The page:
C all it the $20 million perk.
Taxpayers ended up paying that much extra over a two-year period because NASA brass decided to use government jets for routine travel rather than fly on commercial airliners, an investigation by the Government Accountability Office found.
NASA's use of government-owned jets "cost taxpayers at least five times more per passenger than flying on commercial airlines," the GAO said.
The space agency's employees took at least 1,188 flights on NASA jets and on other federal airplanes during fiscal 2003 and 2004. Seven out of eight of the flights were for routine business, which is "expressly prohibited" by the Office of Management and Budget, the GAO said.
Overall, the GAO report appears to portray a management breakdown at NASA.
NASA did not track aircraft usage and costs to help inform day-to-day travel and budget decisions. When asked to justify travel, the agency "systematically understated" the costs of NASA jets and overstated commercial airline costs, the GAO said. During its probe, the GAO discovered that one NASA center had lost flight records and recreated data without informing the investigators.
Sean O'Keefe, chancellor at Louisiana State University, was in charge of NASA during the two-year period covered by the report. Michael Ruffner, vice chancellor for university relations, said O'Keefe "does not wish to make a comment on it. He was not named in the investigation."
Michael D. Griffin, who became NASA administrator this year, signaled that he would clip the agency's wings. In a statement, Griffin said NASA accepted GAO findings and has "embraced new guidelines" on jet travel set by OMB.
"Going forward, all airplane use will be within those guidelines," Griffin said.
The report grew out of a probe into NASA's financial management, requested by Sen. Susan Collins (R-Maine). The GAO sent the report to her and Sens. Ted Stevens (R-Alaska) and Joseph I. Lieberman (D-Conn.) last week.
According to the GAO, NASA owns 85 aircraft, valued at $362 million. Most are used to support space and research programs, but seven are used to transport passengers. In fiscal 2004, the GAO said, the seven NASA planes carried 10,000 passengers and logged nearly 4 million passenger miles.
Officials at NASA's Washington headquarters often used a Gulfstream III for trips. NASA also entered an arrangement with the Federal Aviation Administration for use of four jets (three owned by the FAA and one by NASA) at Reagan National Airport. Under the agreement, NASA could schedule flights on 24 hours' notice.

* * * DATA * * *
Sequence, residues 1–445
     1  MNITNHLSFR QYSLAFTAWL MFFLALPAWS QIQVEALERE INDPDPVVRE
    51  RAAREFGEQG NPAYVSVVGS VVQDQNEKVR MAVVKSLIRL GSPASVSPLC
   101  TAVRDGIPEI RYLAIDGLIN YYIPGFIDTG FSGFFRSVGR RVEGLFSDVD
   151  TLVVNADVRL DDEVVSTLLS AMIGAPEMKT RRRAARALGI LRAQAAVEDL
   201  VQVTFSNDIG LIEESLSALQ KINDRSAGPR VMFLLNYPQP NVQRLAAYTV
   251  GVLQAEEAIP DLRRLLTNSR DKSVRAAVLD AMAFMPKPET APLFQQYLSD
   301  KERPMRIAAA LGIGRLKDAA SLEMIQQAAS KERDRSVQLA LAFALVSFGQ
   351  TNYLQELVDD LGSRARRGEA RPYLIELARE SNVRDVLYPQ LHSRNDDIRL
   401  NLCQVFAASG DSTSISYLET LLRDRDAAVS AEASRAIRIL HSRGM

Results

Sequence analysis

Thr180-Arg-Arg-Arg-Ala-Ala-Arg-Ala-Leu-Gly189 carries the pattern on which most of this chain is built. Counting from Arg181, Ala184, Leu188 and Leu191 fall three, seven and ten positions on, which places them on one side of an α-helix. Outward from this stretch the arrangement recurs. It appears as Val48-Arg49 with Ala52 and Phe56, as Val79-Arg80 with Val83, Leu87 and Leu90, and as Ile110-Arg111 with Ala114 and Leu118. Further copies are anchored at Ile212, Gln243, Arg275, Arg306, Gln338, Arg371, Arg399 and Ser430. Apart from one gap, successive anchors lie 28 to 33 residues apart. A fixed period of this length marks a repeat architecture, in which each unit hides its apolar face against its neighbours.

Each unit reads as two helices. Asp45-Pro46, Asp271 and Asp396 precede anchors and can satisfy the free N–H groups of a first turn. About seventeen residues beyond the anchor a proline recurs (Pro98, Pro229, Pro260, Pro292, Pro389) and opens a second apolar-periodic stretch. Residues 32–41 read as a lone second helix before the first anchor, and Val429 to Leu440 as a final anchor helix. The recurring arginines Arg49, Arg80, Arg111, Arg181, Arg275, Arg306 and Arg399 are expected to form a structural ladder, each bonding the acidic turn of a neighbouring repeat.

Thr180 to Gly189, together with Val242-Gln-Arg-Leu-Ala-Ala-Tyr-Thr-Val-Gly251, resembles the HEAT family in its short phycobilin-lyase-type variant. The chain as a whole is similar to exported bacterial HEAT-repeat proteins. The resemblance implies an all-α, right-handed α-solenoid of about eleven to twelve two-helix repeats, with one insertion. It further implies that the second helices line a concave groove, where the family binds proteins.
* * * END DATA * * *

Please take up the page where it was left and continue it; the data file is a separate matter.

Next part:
In its report, GAO listed several examples of what it called routine travel. They included a Dulles-to-Houston round trip for "budget reviews"; a trip to Japan and stop in Hawaii for NASA officials to attend the Pearl Harbor 60th anniversary ceremony; and a trip from National to Burbank, Calif., to the Jet Propulsion Laboratory for the Cassini landing on Saturn.
"Excluding flights related to the Columbia accident investigation, only 3 percent of NASA's passenger aircraft activity was related to mission-required travel," the GAO concluded.
A Forum on the Web
Federal employees will want to check out a Web site that debuts today: Understanding Government, at www.understandinggov.org.
Charles Peters, the legendary editor of the Washington Monthly, is the force behind the Web site.
Although Peters retired as the Monthly's editor in 2001, "he still feels that there is a gap in Americans' understanding of government, and if we were to shed better light on what goes on in government, then government would be better," said Carol Beach, executive director of Understanding Government, which operates as a nonprofit organization.
The site will feature a forum where government employees, journalists and the public can talk about what works and does not work in federal, state and local agencies. Beach said the forum will provide government employees with an anonymous venue to discuss their work and their agencies.
Peters will write for the organization and the Web site and, Beach added, "will do actual podcasts."